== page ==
Boiled down, the timeliness condition provided (1) a general rule requiring suit be “brought” against Nationwide within two years of the accident, with (2) an exception allowing the insured to use the “applicable state statute of limitations” as the measure of timeliness if the insured had “filed an action” “in a court of competent jurisdiction” against the underinsured owner or operator within two years of the accident.
On September 24, 2012, Nationwide moved for summary judgment, arguing, among other things, the suit was untimely. The district court granted Nationwide's motion, concluding Larson's suit was untimely under the terms of the policy. The district court first found that Larson had not met the timeliness condition's general two-year limit because his action against Nationwide, filed May 30, 2012, came more than two years after the May 9, 2007, accident. The district court then found the exception inapplicable because Larson had not filed his complaint against Thompson in a court until June 16, 2009, more than two years after the accident. Though Larson's May 5, 2009, service of process under Minnesota law commenced the lawsuit within the two-year period, see Minn. R. Civ. P. 3.01(a) (“A civil action is commenced against each defendant ․ when the summons is served upon that defendant.”), the district court reasoned the policy unambiguously refers to filing in a court rather than commencing a lawsuit. Larson timely appealed.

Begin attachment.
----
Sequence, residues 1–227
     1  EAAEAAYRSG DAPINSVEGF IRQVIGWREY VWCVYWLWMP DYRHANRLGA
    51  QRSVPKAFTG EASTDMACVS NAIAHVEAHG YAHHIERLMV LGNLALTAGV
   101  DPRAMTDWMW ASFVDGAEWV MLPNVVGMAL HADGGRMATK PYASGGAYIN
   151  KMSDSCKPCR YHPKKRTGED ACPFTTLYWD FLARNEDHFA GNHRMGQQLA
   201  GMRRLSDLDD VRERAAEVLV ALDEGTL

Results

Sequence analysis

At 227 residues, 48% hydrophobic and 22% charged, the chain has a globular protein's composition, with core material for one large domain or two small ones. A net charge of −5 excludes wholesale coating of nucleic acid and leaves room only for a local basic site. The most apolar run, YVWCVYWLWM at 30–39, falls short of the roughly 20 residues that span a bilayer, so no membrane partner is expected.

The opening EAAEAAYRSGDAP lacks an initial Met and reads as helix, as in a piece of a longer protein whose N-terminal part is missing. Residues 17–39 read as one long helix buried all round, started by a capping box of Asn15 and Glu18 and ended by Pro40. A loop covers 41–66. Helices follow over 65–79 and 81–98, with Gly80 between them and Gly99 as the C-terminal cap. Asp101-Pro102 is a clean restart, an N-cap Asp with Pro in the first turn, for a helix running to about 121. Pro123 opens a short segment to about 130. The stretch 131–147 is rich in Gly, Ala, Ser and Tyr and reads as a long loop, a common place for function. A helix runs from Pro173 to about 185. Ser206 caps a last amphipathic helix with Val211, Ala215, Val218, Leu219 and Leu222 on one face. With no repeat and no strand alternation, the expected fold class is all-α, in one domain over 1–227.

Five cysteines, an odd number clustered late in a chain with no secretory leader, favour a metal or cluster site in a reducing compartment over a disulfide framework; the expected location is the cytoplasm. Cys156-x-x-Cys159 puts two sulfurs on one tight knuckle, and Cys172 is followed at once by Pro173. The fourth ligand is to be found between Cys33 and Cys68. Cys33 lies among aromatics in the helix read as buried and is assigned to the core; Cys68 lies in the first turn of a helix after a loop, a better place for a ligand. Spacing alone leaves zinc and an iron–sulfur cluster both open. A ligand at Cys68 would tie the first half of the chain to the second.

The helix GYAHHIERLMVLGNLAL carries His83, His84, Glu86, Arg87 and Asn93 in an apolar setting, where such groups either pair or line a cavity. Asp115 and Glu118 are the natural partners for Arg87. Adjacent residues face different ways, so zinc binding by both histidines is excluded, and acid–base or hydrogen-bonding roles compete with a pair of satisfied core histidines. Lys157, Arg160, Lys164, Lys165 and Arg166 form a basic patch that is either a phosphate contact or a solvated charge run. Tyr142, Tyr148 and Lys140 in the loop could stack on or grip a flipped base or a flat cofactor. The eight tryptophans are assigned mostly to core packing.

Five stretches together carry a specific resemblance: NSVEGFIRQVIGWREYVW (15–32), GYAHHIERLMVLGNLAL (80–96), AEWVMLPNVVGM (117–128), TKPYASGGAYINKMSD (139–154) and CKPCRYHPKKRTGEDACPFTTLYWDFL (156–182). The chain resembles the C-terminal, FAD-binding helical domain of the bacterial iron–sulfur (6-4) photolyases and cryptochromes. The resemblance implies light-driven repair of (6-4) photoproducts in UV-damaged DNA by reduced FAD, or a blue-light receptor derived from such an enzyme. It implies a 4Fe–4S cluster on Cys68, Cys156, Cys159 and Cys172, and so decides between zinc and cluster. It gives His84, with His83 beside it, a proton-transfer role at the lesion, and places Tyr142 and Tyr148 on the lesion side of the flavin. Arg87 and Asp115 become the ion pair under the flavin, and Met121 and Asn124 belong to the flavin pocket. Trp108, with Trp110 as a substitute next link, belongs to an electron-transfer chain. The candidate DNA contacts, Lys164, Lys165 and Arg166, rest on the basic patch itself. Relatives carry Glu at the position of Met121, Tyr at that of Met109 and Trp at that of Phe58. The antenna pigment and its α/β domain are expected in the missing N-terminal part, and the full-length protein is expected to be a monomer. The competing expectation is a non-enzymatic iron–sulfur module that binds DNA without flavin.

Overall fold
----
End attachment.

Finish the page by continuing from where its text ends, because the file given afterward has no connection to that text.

A. Applicable Law and Standard of Review
The parties agree Minnesota substantive law governs this diversity case. See Erie R. Co. v. Tompkins, 304 U.S. 64, 78 (1938). “We must predict how the Supreme Court of Minnesota would rule, and we follow decisions of the intermediate state court when they are the best evidence of Minnesota law.” Friedberg v. Chubb & Son, Inc., 691 F.3d 948, 951 (8th Cir.2012). We review de novo the district court's grant of summary judgment, “viewing the record most favorably to the nonmoving party and drawing all reasonable inferences for that party.” Munroe v. Cont'l W. Ins. Co., 735 F.3d 783, 786 (8th Cir.2013). We also review “de novo the district court's construction of an insurance policy and interpretation of state law.” Id.
B. Meaning of “Filed”
The crux of this appeal is the exception in the policy's timeliness condition, which only applies if we conclude Larson “has filed an action for ‘bodily injury’ against the owner or operator” of an underinsured vehicle “in a court of competent jurisdiction” “within two years after ․ the ‘accident.’ “ Larson argues the term “filed” as used in the timeliness exception reasonably should be read to require “commencement” within the two-year period, which Larson did by his May 5, 2009, service of process. See Minn. R. Civ. P. 3.01(a).5 If this interpretation is reasonable, Larson maintains, the doctrine of contra proferentem requires us to construe the policy against Nationwide and in Larson's favor.